Shortly after the dawn of the twentieth century, the New York City Department of Health decided to address what it perceived as the racial nature of health. It delivered heavily racialized care in different neighborhoods throughout the city: syphillis treatment among African Americans, tuberculosis for Italian Americans, and so on. It was a challenging and ambitious program, dangerous for the providers, and troublingly reductive for the patients. Nevertheless, poor and working-class African American, British West Indian, and Southern Italian women all received some of the nation’s best health care during this period.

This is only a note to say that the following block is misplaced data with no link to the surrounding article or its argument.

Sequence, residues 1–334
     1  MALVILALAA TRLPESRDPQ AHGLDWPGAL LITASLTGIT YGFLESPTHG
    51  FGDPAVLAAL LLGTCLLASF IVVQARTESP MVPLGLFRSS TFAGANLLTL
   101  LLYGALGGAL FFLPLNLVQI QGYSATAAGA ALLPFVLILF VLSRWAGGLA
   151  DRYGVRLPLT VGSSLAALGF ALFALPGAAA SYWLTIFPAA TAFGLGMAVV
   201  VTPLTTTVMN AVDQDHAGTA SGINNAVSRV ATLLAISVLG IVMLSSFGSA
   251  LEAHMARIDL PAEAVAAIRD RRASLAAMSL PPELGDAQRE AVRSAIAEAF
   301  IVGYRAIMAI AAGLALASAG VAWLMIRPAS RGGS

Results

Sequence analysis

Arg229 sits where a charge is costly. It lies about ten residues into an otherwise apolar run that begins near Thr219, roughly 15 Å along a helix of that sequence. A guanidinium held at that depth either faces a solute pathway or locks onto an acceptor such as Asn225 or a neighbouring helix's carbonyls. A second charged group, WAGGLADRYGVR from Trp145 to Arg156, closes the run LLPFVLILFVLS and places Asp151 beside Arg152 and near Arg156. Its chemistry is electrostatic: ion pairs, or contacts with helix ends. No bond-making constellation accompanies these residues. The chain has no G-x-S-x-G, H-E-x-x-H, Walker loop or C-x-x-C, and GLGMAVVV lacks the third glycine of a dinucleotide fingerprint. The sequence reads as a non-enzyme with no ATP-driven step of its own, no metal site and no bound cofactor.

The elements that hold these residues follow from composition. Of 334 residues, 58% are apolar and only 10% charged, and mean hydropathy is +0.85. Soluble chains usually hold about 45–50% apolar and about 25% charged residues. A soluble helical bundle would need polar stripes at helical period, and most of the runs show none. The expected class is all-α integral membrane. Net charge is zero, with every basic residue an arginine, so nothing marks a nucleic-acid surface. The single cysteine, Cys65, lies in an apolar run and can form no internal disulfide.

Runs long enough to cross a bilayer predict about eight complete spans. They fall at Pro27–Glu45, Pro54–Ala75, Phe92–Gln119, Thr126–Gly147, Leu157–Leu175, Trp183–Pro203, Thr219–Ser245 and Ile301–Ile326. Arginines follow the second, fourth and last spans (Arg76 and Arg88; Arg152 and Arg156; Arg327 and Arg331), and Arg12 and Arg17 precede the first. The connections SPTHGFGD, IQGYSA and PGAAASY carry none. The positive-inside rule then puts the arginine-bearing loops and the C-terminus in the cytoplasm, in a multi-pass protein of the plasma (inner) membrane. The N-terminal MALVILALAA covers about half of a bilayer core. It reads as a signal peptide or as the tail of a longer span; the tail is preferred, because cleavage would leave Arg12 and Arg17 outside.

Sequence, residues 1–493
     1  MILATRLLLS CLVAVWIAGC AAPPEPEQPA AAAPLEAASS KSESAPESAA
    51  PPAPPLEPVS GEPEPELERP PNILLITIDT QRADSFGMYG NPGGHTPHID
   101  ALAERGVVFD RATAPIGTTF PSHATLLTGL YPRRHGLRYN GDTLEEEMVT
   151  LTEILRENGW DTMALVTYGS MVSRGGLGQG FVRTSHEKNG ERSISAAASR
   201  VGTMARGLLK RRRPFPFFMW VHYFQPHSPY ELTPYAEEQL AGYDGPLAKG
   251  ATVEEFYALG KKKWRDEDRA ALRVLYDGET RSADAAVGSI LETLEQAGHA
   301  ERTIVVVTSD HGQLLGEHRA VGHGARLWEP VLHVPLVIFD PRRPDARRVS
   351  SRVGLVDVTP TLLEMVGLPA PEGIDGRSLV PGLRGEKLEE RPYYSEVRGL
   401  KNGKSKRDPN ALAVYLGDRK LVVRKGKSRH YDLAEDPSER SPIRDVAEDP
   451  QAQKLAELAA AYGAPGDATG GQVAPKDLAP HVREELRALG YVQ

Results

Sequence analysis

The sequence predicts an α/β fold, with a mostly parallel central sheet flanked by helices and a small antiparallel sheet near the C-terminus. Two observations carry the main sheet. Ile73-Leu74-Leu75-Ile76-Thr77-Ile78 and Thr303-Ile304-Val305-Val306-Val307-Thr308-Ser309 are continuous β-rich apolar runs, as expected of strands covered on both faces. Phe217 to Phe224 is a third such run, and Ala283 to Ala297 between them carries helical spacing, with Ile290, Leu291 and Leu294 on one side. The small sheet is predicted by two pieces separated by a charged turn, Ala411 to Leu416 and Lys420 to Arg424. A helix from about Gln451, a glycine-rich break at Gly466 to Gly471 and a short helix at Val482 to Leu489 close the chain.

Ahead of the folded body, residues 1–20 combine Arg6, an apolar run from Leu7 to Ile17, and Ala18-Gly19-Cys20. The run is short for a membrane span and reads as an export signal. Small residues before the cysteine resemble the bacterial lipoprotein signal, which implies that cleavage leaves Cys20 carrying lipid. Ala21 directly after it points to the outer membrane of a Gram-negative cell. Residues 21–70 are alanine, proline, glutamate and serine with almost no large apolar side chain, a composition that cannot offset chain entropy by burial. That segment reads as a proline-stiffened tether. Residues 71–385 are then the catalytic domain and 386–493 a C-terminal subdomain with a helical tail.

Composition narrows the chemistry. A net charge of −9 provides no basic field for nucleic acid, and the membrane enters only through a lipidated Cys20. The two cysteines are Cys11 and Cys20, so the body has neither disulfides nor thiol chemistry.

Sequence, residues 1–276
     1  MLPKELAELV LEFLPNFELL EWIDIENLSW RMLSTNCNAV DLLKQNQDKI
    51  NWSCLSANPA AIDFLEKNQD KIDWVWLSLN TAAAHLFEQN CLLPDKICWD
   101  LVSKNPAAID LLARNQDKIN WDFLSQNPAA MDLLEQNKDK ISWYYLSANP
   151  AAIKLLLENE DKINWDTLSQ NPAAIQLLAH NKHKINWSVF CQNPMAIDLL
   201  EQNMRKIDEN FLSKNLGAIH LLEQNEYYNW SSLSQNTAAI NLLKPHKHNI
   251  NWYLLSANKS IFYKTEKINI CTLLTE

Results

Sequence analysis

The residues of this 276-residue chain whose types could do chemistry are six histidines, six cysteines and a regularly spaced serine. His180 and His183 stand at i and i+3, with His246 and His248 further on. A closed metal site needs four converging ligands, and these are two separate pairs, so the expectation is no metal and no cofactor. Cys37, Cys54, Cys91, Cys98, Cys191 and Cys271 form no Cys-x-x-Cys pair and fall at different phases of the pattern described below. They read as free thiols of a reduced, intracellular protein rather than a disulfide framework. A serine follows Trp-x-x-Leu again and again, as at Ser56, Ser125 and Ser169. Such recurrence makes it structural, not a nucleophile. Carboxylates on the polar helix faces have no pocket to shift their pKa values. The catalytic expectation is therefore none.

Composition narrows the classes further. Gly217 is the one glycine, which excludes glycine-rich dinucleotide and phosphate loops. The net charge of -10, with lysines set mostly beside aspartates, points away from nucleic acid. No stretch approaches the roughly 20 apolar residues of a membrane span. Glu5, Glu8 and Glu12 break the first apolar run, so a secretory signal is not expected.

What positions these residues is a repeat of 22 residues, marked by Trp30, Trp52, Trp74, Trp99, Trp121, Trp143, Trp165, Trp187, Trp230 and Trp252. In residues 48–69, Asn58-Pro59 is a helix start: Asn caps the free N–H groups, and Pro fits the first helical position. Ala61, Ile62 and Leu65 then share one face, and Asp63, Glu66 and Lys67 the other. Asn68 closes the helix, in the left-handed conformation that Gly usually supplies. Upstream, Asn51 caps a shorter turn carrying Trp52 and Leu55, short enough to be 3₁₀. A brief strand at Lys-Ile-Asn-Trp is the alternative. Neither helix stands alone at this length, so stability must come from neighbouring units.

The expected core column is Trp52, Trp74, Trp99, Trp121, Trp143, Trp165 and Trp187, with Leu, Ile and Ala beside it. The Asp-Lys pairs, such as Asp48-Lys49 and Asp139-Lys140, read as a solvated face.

Health in the City challenges traditional ideas of early twentieth-century urban black health care by showing a program that was simultaneously racialized and cutting-edge. It reveals that even the most well-meaning public health programs may inadvertently reinforce perceptions of inferiority that they were created to fix.
About the Author
Table of Contents
1. Migration and the City 15
2. Professionalization in the City 64
3. Work in the City 85
4. Culture in the City 108
5. Birthing in the City: Columbus Hill 138
6. Health in Columbus Hill 162
7. Birthing in the City: The Mulberry District 188
8. Health in the Mulberry District 218
About the Author 329